Pride Law Caucus celebrates new name and renewed mission

When an association for LGBTQ students and allies was created at the S.J. Quinney College of Law in 2002, the name OUTLaws was chosen as a tongue-in-cheek reference to the fact that many aspects of life for the LGBTQ community — such as marriage —were illegal.

Since 2002, great strides have been made towards equality for the LGBTQ community, including the legalization of marriage. That’s why students involved in the organization at the College of Law decided that it was time for a name change. The group formerly known as OUTLaws today has become the law school’s Pride Law Caucus.

The group and its new name will celebrate Pride 2019 this year along with the rest of the University of Utah and broader Salt Lake City community on June 1-2.

“There was a lot of confusion around the name,” said Hannah Welch, a law student and president of the Pride Law Caucus. “From an LGBTQ standpoint, it was out of date. And for people who weren’t LGBTQ, they thought we were a biker gang or something. That’s why we decided to change the name.”

Not only has the association’s name been changed, but the Pride Law Caucus is becoming more active and involved at the college and in the community.  

Members of the Pride Law Caucus are aware that there is still work to be done in terms of LGBTQ equality, especially in the legal field. Some of the biggest concerns are dealing with workplace discrimination, fighting for transgender rights, making name and gender changes easier, and ending conversion therapy.

Many of these topics are especially controversial in Utah. For example, a bill drafted by professor Cliff Rosky that would ban conversion therapy (any therapy that attempts to change an individual’s sexual orientation) for minors was recently considered in the Utah State Legislature but ultimately did not pass. The members of the Pride Law Caucus realized that this is an important issue for members of the LGBTQ community and earlier this year hosted an event to facilitate discussion about the harms of conversion therapy. Kate Kendall and Shannon Minter from the National Center for Lesbian Rights and Troy Williams from Equality Utah visited College of Law and discussed the history of conversion therapy, why it’s not considered a valid form of therapy, and the measures taken to stop this type of therapy across the United States.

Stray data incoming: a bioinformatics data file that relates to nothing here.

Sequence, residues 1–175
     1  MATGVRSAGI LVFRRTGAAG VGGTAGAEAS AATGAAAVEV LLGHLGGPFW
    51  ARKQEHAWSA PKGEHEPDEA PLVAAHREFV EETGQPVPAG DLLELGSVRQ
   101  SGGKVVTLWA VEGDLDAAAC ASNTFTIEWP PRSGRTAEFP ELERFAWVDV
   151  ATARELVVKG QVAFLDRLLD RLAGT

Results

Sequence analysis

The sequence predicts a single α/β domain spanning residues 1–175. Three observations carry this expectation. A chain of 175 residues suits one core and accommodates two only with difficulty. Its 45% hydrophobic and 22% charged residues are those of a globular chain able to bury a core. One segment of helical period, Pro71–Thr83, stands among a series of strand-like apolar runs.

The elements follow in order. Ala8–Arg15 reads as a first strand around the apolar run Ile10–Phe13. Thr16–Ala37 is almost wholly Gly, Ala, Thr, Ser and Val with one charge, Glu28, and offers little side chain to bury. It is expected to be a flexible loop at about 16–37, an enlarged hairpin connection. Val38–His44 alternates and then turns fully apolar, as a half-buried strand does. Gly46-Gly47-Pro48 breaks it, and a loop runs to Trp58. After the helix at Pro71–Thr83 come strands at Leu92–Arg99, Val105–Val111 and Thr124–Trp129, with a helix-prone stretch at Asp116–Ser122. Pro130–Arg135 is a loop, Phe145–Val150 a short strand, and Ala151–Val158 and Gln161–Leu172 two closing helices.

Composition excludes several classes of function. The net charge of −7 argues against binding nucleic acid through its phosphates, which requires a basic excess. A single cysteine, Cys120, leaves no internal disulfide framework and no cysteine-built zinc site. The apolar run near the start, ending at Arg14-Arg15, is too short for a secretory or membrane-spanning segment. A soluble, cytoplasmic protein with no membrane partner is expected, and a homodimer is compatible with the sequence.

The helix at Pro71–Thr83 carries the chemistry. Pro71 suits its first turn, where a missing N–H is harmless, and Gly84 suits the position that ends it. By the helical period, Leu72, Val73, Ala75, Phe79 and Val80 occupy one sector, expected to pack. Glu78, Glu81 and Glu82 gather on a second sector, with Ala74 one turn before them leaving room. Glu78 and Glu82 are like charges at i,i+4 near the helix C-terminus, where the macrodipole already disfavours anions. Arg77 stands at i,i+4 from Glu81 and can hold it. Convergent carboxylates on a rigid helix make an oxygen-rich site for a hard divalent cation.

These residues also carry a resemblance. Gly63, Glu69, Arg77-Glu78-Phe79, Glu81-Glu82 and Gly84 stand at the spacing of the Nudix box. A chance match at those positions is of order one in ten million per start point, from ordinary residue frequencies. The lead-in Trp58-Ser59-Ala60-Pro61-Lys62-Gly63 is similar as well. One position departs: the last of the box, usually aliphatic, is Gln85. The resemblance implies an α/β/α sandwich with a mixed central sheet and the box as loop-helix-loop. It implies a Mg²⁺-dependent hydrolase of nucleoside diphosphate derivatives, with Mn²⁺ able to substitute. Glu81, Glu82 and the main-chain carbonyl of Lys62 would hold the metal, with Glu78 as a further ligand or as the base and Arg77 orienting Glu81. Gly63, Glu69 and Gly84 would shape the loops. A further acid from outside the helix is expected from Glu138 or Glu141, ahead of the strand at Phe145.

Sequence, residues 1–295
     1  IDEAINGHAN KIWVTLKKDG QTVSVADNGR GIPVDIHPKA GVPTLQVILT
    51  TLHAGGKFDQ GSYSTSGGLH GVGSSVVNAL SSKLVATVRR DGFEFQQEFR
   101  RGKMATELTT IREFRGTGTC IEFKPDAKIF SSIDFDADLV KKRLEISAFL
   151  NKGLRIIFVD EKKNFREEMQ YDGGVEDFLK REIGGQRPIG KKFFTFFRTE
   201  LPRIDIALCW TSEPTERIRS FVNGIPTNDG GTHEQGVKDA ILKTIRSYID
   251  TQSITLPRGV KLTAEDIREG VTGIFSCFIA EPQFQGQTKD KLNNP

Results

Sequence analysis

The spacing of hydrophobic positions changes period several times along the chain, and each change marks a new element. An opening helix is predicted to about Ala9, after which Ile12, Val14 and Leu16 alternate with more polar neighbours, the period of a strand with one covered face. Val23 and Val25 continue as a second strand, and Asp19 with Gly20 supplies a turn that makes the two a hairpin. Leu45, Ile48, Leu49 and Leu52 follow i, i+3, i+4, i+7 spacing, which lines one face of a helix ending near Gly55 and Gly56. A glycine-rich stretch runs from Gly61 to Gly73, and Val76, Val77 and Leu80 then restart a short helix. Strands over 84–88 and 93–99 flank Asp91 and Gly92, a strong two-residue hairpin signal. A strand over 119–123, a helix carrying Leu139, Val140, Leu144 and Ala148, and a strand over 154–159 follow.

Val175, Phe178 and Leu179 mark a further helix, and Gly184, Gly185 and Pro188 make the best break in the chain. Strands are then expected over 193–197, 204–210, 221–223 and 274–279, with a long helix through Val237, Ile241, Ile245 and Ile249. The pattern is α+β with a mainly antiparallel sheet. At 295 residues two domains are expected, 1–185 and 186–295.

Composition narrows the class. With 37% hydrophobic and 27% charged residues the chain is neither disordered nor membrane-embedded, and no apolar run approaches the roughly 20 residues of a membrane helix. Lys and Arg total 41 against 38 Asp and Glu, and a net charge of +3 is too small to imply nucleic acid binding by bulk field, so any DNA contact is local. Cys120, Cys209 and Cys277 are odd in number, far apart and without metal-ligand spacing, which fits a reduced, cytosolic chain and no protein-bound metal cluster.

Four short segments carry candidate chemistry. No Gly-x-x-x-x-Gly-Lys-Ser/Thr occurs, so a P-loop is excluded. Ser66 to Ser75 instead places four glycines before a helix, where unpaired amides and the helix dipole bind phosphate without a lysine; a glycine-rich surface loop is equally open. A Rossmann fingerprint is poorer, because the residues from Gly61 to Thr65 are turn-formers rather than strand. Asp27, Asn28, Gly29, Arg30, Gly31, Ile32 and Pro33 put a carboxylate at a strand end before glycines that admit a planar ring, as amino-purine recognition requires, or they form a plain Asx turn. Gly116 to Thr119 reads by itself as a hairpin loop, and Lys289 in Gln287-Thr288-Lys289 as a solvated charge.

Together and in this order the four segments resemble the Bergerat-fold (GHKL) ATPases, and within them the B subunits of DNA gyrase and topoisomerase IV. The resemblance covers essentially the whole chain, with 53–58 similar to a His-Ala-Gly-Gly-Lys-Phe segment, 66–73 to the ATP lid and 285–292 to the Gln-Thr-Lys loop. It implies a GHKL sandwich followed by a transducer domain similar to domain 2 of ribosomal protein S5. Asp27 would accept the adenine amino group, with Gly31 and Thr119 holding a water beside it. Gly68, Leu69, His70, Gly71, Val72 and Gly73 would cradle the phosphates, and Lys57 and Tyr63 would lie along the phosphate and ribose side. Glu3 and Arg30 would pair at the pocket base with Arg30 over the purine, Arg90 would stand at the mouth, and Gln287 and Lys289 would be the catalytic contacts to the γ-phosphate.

As another aspect of the club’s revamping, the Pride Law Caucus is hoping to make and maintain connections with the legal LGBTQ community in Salt Lake City.

“Connecting with the community is so important,” Welch said. “If there’s an LGBTQ student who’s concerned about getting jobs, or they’re concerned about where they are going to fit in in the legal community, we can connect them to attorneys who understand and can discuss those issues.”

Currently, a member of the Pride Law Caucus sits on the board of the LGBT & Allied Lawyers of Utah, an association of the Utah State Bar and an affiliate of the National LGBT Bar Association. Their mission is to use education and advocacy to promote and support the rights of LGBT people within the legal profession and throughout Utah.

Despite the focus on LGBTQ issues, students should not feel like they cannot join the Pride Law Caucus if they aren’t a part of that community.

“We welcome any and all people, regardless of whether or not they consider themselves LGBTQ,” Welch said. “It’s definitely for allies, too. We obviously promote ideas of equality, and as long as students also want to promote those ideas, then they’re welcome.”

For more information about student organizations at the College of Law, visit http://www.law.utah.edu/students/student-organizations/.